Tuesday 18 December 2018

Comment - Church must now stop strangling female voices

Pope Francis embraces new cardinal Kevin Farrell during a ceremony to install 17 new cardinals at the Vatican in 2016. Photo: Reuters
Pope Francis embraces new cardinal Kevin Farrell during a ceremony to install 17 new cardinals at the Vatican in 2016. Photo: Reuters

Sarah MacDonald

If the Catholic Church is serious about a "deeper theology for women" or a better understanding of the "feminine genius", as Pope Francis has called for on many occasions, then its first step must be to stop strangulating women's voices.

Freedom of thought and expression is a basic human right which the Church still grapples with by clamping down on those who ask searching questions.

Francis himself has said: "Women in the Church are more important than bishops and priests."

That is hard to square with the attempt to dictate the line-up of speakers at this year's 'Voices of Faith' conference 'Why Women Matter'.

Censoring who can and cannot speak is a throwback to the kind of clericalist mentality that has dogged the Church for far too long.

'Voices of Faith' (VOF) is an initiative that seeks to empower and advocate for Catholic women to have a seat at the table of decision-making in the Church.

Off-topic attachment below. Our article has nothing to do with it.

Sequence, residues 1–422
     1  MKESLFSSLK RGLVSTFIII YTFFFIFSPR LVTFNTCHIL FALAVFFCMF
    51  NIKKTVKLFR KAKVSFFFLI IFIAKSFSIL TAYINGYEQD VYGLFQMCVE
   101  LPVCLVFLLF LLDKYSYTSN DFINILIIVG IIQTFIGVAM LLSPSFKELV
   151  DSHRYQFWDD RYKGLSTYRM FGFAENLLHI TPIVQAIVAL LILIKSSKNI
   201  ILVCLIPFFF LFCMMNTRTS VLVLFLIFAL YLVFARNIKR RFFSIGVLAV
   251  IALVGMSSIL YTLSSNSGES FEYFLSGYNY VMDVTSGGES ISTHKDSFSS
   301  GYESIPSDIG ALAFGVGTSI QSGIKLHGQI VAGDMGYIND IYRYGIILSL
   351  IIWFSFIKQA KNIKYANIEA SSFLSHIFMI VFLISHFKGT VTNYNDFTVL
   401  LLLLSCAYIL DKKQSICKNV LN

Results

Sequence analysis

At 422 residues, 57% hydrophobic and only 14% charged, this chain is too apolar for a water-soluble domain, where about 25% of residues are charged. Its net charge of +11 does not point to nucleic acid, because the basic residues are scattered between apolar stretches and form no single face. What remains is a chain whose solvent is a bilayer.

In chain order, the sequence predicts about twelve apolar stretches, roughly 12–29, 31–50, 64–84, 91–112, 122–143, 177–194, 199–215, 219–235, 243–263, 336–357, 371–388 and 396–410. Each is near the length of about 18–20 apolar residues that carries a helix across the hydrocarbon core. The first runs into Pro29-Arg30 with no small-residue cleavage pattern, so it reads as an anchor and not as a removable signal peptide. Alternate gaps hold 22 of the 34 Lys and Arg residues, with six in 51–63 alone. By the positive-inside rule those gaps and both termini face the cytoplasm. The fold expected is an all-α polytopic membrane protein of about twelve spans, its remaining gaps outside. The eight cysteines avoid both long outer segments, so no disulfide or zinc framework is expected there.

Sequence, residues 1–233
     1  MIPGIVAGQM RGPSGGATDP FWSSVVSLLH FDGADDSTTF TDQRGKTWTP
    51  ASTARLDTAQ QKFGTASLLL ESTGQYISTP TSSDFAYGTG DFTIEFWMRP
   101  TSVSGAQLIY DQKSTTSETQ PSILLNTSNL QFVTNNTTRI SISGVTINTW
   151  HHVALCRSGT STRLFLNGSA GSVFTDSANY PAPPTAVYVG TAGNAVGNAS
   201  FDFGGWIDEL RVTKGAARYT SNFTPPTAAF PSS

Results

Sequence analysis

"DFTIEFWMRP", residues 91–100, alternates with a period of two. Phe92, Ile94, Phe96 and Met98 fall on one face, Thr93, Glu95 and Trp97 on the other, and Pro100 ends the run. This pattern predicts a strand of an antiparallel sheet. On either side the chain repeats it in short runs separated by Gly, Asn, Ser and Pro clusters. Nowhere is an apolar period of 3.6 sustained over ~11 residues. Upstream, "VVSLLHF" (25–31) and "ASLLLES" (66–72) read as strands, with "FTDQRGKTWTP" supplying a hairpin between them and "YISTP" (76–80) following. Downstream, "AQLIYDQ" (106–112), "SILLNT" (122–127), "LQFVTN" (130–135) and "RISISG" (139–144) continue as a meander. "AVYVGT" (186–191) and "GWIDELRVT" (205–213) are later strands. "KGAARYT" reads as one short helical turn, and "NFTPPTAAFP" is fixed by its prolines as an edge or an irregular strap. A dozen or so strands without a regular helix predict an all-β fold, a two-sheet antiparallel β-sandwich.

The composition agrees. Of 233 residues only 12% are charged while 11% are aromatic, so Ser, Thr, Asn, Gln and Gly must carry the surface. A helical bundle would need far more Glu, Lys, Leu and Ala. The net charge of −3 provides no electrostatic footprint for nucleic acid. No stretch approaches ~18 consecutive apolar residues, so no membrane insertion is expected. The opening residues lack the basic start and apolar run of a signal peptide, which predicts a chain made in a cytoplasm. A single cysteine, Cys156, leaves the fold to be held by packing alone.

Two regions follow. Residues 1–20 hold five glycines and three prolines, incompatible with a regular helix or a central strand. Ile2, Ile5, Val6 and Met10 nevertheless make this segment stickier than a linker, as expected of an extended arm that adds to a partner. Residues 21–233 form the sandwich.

Cardinal Kevin Farrell. Photo: Franco Origlia/Getty Images
Cardinal Kevin Farrell. Photo: Franco Origlia/Getty Images

But that organisation has found itself out in the cold thanks to an Irishman.

That Cardinal Kevin Farrell hails from a country marking the centenary of women's suffrage makes it even more disappointing.

The cardinal tried to block a former head of state, a woman, from giving the keynote address at this prestigious conference on International Women's Day.

Rather than drop Dr Mary McAleese, the conference organisers had no choice but to change the venue to outside the Vatican.

Research shows women leaving the Church in significant numbers; can the Vatican afford to alienate more women with such clumsy actions?

As the young Polish theologian Zuzanna Radzik who will address the conference in March has said: "Women are the Church, more than half of it, and yet they have been excluded from shaping it for most of history. Why should the Church matter in women's lives if it keeps discriminating against them?"

It is time, according to Chantal Götz, executive director of Voices of Faith, that those cardinals who have spoken in support of women's role in the Church to act on their words.

As Mary McAleese has observed, "God gave us two wings so that humanity could soar to great heights and feel the power and see the beauty of his creation in all its wonder. Yet our Church insists on flying on one wing, overlooking and wasting the talents and insights of so many wonderful, faithful, Godly women. Why? Can this tragic dysfunction really be what God wants?"

Irish Independent

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